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Translating research outcomes into clinical practice


Morgan Liotta


24/11/2020 3:08:36 PM

New funding will enable the RACGP to advance research and translate the findings to general practices in areas where healthcare barriers exist.

Professor Grant Russell and Mr Rowan Kennedy
(L–R) Professor Grant Russell and Rowan Kennedy are hoping the pilot can be used as a platform to enhance opportunities for general practices.

Translational research focuses on translating discoveries from the laboratory into the clinic, with the aim to improve detection, diagnosis and treatment of conditions to improve health outcomes.
 
The RACGP Foundation, in collaboration with the departments of general practice at Monash Melbourne universities, recently secured funding from the Windermere Foundation to develop the Translating Research Outcomes into the Primary Health Interface (TROPHI) healthcare model.
 
TROPHI brings together these stakeholders with the aim to help break down barriers in often-fragmented primary care and general practice research landscape.
 
‘A uniform and coherent primary care voice is missing in the national research narrative,’ according to the funding proposal put forward.
 
It is hoped that TROPHI will inform a national framework and generate internationally recognised research outcomes, while providing benefits to the Australian community.
 
‘The genesis was really to help patients, but also general practices, to have better health outcomes by having relevant research communicated to GPs,’ Windermere Foundation Chair Rowan Kennedy told newsGP.
 
‘We are looking to develop a means of communicating effectively with GPs … to garner their attention and communicate with them in a way that’s really efficient, in way that matters to them and in a way they will want to participate in.’
 
A three-year project beginning with a pilot program in the outer-east region of Melbourne in early 2021, the plan is for TROPHI to then expand nationally.
 
This particular area was chosen because of its mix of urban and regional, bringing diversity to the pilot program. It is also an area of noted healthcare barriers to community needs, such as excess drug use and a significant elderly population, which will continue as the city grows.
 
Professor Grant Russell is a GP, Chair of the AJGP Editorial Advisory Committee, Professor of Primary Care Research at Monash University, and a TROPHI lead.
 
He told newsGP he is excited for the opportunity to bring together general practice, academic research and the community.
 
‘TROPHI represents an opportunity to have a real impact for valuable organisations to collaborate that maybe haven’t had much of an opportunity to in the past – the college, two universities, as well as [non-financial collaborator] Eastern Health under the one banner of a large health provider of hospital and community-based services,’ he said.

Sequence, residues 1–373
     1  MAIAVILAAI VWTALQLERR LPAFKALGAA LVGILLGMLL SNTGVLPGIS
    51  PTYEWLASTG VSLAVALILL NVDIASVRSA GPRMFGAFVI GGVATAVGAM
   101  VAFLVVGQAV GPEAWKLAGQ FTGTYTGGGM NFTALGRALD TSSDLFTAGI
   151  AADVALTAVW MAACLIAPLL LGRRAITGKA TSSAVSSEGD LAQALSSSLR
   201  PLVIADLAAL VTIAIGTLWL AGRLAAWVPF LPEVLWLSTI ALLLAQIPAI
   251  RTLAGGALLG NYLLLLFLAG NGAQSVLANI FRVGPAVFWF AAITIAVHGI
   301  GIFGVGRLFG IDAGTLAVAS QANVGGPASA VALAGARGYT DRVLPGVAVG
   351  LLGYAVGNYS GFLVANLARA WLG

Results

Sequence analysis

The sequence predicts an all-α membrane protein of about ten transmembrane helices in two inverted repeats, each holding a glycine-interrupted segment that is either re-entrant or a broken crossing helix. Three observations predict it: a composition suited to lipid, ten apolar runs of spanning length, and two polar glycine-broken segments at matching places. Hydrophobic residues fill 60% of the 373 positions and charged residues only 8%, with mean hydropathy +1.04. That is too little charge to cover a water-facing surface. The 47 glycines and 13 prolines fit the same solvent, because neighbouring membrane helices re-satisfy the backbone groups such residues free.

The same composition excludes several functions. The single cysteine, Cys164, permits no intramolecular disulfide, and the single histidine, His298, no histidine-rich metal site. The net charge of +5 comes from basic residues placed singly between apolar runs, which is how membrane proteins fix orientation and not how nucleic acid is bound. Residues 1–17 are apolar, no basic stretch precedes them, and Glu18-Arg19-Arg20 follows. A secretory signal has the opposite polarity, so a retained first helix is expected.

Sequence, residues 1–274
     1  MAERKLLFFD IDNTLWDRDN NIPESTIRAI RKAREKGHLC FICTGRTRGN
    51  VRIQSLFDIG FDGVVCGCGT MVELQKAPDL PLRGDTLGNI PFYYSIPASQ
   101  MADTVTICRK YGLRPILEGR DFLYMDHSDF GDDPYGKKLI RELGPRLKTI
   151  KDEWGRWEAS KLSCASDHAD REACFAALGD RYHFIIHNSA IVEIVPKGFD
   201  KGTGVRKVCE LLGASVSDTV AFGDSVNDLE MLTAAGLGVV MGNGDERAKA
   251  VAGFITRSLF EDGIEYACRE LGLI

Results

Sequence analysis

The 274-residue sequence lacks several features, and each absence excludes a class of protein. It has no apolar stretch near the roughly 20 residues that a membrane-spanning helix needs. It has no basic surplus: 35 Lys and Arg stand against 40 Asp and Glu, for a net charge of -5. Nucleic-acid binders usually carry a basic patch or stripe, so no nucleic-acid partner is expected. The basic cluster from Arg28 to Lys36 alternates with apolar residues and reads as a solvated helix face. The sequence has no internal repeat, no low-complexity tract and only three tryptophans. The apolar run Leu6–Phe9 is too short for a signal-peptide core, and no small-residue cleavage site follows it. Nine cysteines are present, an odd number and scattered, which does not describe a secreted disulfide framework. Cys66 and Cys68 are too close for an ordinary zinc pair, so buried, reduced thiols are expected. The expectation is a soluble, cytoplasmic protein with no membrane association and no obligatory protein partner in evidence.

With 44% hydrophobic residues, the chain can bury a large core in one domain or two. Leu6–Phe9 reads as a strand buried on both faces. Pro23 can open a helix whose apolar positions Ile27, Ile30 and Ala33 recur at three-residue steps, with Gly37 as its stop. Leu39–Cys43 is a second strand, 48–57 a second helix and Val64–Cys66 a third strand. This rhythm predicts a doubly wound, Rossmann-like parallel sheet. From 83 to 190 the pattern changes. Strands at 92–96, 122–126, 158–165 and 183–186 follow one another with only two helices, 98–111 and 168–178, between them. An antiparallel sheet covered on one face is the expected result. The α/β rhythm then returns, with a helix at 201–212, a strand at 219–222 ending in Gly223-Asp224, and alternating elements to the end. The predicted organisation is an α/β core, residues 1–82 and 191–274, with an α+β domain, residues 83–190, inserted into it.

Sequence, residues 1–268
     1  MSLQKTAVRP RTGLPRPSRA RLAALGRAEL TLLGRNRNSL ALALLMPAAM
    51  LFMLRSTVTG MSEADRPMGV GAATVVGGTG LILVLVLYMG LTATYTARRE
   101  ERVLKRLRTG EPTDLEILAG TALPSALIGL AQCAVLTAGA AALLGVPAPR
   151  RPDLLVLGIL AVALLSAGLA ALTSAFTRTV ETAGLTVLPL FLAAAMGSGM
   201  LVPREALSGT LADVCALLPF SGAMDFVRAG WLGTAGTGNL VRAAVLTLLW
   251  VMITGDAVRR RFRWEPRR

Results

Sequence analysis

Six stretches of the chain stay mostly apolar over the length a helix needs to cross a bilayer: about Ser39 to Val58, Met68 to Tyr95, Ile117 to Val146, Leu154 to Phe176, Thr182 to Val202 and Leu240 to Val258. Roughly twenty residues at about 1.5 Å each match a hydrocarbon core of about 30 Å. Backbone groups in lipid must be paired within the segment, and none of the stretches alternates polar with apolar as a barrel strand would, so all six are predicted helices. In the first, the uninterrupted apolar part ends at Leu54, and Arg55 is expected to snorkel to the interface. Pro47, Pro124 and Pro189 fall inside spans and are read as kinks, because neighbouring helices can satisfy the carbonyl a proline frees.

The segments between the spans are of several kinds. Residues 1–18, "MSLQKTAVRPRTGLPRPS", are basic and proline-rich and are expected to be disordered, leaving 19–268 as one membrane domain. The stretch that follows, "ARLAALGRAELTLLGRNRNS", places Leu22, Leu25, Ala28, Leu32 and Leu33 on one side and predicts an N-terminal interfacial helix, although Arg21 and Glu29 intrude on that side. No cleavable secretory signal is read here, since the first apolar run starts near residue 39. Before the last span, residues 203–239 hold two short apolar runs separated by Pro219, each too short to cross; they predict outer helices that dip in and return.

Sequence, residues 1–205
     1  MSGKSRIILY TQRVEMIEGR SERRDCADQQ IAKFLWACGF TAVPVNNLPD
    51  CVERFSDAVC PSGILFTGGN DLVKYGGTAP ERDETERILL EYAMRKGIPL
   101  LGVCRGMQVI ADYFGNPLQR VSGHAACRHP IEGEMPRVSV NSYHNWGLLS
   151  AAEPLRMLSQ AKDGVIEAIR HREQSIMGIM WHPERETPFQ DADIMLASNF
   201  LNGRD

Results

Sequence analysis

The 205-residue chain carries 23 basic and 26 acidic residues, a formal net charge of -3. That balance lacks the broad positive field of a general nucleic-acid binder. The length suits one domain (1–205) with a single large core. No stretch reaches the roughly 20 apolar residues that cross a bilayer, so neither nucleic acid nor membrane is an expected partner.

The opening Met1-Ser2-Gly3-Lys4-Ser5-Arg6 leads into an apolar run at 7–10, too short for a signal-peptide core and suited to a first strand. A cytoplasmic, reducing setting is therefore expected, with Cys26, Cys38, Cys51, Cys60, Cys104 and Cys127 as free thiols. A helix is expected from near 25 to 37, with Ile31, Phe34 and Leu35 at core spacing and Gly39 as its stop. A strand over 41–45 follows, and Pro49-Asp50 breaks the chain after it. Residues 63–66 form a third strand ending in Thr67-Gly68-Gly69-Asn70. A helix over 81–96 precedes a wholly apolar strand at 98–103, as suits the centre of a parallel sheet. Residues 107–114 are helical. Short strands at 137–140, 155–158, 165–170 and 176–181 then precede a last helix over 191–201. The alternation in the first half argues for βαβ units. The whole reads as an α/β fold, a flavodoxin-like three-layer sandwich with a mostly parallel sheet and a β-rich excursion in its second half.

‘The concept is to bring those organisations together to help foster research and translate the findings in to the general practice clinics in the outer-east of Melbourne. This will involve members of the community, GPs and other general practice staff to shape the project over the first 6­–9 months.’
 
A number of different opportunities will be offered to the practices, including work with the universities to upskill their research, their own research expertise, secondment prospects, and the chance to participate in other large pieces of research.
 
‘Some of the lessons of big research projects done within the universities can be the first port of call for translation to come into the outer-east, fast-tracking the opportunities and abilities [for general practices] out there,’ Professor Russell said.
 
The opportunities arising from TROPHI are not just restricted to GPs or people wanting to make a career out of research, Professor Russell said, but there are structured opportunities for students, GPs in training, PhD candidates and others within the general practice team.
 
One element of the first year of the project is to market to and identify other stakeholders that could be part of improving the current structured initiative.
 
‘Everyone wants a piece of general practice,’ Professor Russell said.
 
‘And that’s where the building it together with general practice is really important. Rather than it being the traditional top-down, we’ve got all the solutions.
 
‘Eastern Health are also really enthused about this opportunity as they have a lot of interest in trying to do things better, particularly in general practice. They see this as a real opportunity that they can be strongly collaborating with.’
 
Mr Kennedy agrees the collaborative model is one of the key benefits of the project.
 
‘We [Windermere] really like the idea of the college being the lead organisation here, as they have a national reach and that’s a very good fit,’ he said. ‘And the universities have a different approach we were really attracted to, so to bring those two together is really important.
 
‘We’ve got a much better outcome than we could have hoped to achieve individually. We see this as the optimal outcome for our endeavours and we’re overjoyed about that.’
 
More information on the TROPHI project will available on the RACGP Foundation website once the pilot commences in early 2021.
 
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clinical research RACGP Foundation translational research


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